Sharp’s new Alexa microwave is much more complicated than Amazon’s – Gizmodo Australia


When Amazon released a cheap microwave with built-in Alexa integration, most of us scratched our heads for a second and then quickly moved on. But now Sharp has developed its own microwave powered by Amazon’s digital assistant, and somehow it’s even more confusing than the original.

Unlike the $ 60 ($ 80) Amazon Basics microwave with Alexa, Sharp’s microwave has a much more luxurious design and a higher price point. The Sharp Smart Countertop Microwave Oven comes in two sizes: a 30-liter model for $ 150 ($ 201) or a 30-liter US170 ($ 228) 40L version. Even for the cheapest model, that’s almost three times the price from Amazon, which is a significant amount of frozen chickens.

Many people may find adding a digital assistant to their microwave to be pretty objectionable, or at least a minor annoyance, but the idea of ​​being able to control a microwave with your voice isn’t quite as silly as it seems.

The traditional mindset is that voice controls don’t add much to the equation since you still have to physically microwave food. However, the real benefit of voice control in a microwave is that it bypasses the typical clunky and often arcane interfaces that microwave manufacturers have tried out over the past three decades. Often times, controlling microwaves is so unintuitive that the only features that are used regularly are Time Set, Add Minute, and the fucking popcorn button.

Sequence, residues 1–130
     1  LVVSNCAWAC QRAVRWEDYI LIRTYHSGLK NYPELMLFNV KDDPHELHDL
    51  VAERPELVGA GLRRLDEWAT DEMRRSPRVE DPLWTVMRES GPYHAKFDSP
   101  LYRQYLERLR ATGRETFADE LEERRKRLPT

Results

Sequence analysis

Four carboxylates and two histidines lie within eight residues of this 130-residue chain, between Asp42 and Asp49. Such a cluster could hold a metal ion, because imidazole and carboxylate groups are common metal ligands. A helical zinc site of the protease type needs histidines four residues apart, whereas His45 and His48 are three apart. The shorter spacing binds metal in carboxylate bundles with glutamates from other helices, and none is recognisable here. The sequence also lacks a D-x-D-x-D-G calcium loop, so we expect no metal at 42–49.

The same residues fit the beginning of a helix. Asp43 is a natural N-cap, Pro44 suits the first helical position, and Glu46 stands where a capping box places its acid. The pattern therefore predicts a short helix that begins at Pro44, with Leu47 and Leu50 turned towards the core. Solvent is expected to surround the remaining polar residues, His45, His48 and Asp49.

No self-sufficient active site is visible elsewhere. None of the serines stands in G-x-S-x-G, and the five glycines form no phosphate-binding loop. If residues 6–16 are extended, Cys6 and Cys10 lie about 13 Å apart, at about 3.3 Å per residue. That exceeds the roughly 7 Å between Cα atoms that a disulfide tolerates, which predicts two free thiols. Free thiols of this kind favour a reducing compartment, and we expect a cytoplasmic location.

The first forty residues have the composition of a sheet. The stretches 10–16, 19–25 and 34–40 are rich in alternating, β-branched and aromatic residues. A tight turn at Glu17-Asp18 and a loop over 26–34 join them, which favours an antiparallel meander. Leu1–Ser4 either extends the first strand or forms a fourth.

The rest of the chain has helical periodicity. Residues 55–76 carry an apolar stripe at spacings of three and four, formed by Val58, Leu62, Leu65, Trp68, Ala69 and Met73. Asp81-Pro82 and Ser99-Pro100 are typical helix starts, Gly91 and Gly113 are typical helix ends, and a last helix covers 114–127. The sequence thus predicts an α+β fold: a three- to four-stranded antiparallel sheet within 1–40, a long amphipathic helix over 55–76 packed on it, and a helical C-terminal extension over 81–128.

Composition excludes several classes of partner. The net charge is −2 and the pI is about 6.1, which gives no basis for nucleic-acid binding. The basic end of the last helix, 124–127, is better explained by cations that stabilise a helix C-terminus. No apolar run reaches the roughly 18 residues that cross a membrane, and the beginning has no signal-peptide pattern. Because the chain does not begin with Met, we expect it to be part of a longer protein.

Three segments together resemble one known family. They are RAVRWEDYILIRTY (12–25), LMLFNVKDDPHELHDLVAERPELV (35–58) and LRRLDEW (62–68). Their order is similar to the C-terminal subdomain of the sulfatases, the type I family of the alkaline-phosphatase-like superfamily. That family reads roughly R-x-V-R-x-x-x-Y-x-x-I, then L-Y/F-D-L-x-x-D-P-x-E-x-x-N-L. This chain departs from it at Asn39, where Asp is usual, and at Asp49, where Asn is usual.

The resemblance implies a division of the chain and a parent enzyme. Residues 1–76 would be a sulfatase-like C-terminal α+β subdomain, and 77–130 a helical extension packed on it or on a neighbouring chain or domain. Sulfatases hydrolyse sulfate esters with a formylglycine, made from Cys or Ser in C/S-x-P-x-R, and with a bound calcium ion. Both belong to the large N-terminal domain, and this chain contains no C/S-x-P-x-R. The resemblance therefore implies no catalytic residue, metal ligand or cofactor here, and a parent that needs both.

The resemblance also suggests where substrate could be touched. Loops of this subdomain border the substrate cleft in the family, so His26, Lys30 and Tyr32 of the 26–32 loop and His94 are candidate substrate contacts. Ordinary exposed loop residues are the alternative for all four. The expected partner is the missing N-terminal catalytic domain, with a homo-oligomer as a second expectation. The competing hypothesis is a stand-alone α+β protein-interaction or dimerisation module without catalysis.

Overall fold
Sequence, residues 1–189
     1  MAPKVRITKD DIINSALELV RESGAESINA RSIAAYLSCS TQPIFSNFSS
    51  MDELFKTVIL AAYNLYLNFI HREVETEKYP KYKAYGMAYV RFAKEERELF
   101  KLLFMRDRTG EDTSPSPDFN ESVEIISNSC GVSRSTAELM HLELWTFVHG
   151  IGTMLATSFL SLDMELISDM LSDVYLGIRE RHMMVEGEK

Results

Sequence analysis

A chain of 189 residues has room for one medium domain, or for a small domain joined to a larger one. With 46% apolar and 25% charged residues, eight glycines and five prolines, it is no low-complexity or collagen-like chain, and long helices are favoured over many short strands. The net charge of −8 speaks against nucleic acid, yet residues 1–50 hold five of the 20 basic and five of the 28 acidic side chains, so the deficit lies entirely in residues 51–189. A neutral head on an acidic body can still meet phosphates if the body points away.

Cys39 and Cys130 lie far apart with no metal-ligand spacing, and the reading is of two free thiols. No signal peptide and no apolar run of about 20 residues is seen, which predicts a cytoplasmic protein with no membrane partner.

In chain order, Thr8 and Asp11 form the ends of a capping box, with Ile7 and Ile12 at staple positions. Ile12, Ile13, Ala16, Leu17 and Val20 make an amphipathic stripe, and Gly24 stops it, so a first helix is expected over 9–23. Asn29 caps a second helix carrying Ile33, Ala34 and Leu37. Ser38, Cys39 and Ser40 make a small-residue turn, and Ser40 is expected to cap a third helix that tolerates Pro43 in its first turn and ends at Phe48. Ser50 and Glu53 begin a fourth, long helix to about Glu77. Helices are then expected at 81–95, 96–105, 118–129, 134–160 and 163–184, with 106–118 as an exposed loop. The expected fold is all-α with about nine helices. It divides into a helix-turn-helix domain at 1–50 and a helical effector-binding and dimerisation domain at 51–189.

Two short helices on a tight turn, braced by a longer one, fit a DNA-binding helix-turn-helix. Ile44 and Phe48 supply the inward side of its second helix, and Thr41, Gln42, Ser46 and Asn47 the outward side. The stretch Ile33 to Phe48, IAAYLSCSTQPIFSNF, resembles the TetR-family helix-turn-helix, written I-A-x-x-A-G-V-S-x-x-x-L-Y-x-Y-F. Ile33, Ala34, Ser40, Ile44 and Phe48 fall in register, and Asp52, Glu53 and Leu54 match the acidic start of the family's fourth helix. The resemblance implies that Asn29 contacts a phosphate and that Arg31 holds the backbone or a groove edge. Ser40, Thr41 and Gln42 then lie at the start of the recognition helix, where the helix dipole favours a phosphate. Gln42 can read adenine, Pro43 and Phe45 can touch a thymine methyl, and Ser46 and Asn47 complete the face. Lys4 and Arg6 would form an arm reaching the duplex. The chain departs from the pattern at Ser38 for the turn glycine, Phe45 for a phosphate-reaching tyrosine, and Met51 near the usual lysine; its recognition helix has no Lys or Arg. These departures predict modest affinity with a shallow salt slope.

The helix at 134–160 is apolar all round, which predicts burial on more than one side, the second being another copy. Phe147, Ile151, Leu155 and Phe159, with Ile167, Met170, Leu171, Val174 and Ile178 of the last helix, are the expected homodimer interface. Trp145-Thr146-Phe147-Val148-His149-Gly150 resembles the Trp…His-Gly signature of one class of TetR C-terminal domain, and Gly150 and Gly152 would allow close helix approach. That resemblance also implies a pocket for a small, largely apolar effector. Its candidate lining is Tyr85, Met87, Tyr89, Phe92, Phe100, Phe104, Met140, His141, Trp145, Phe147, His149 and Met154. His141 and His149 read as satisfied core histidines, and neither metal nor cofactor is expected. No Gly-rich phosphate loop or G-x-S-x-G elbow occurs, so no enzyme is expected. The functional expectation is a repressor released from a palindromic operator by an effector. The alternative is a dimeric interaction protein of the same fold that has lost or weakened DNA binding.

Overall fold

Using voice controls via Alexa, the Sharp microwave isn’t just a potential boon for accessibility. According to Sharp, the intelligent microwave offers 30 different voice commands with at least 10 different food presets such as “Fresh vegetables for the microwave” or “Defrost two pounds” of meat. “And for anyone who has recently tried either of these two functions in a regular microwave Executing keys, voice control sounds like a better alternative.

There’s some confusion, however: the smaller 1.1 cubic foot option is said to have 30 voice commands with at least 10 food presets available by voice, while the larger model has 70+ voice commands and 50+ food presets. Now I understand that the larger model can potentially hold a wider variety of foods, but having five times as many voice activated food presets seems very strange.

We reached out to Sharp for more information on their intelligent microwave conduction. However, because the initial information is so limited, it’s hard to say why the range of voice commands is so different between the two models, or how the number of voices Sharp’s microwave commands are comparable to an Amazon Basics microwave.

Another important caveat is that Sharp’s smart microwave, like the Amazon Basics microwave, does not have a built-in microphone. You must therefore rely on WiFi and a paired Echo device or the Alexa app to support voice control.

The other standout feature of Sharp’s intelligent microwave is that it has been “specially formulated” with Orville Redenbacher’s microwave popcorn to achieve “optimal pop” results. This could be a little bonus for anyone who is really dedicated to Big Poppa Pop.

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